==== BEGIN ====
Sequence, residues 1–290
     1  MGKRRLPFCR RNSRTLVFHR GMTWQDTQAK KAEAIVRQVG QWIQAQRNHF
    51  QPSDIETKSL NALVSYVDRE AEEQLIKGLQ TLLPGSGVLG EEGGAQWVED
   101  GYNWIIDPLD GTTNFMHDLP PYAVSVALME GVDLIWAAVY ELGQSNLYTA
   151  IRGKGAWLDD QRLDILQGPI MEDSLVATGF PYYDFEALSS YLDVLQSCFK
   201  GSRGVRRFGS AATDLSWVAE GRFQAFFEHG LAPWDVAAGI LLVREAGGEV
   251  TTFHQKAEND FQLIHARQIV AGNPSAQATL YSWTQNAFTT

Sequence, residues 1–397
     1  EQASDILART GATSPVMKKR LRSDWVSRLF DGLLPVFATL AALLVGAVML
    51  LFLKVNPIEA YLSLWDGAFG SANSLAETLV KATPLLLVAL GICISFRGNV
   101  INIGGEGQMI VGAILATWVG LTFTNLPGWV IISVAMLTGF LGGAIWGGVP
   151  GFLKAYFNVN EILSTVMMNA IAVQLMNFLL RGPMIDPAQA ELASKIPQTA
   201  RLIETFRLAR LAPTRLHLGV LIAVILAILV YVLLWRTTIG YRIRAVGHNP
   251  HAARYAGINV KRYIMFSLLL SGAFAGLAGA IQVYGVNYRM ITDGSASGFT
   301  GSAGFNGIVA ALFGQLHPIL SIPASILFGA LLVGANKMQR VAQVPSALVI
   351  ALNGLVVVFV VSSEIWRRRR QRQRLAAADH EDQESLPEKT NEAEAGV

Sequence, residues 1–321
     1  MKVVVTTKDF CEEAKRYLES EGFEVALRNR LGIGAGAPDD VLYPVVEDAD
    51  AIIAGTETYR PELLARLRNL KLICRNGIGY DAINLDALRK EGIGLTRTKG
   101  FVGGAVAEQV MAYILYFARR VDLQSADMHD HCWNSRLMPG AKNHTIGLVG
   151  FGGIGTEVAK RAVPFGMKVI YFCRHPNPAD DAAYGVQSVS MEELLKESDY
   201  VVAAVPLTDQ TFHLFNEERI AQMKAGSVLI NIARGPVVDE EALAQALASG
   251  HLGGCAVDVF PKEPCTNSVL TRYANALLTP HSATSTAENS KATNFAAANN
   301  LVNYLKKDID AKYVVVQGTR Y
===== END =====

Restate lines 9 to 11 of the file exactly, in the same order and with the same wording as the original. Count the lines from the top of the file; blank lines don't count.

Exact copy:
     1  EQASDILART GATSPVMKKR LRSDWVSRLF DGLLPVFATL AALLVGAVML
    51  LFLKVNPIEA YLSLWDGAFG SANSLAETLV KATPLLLVAL GICISFRGNV
   101  INIGGEGQMI VGAILATWVG LTFTNLPGWV IISVAMLTGF LGGAIWGGVP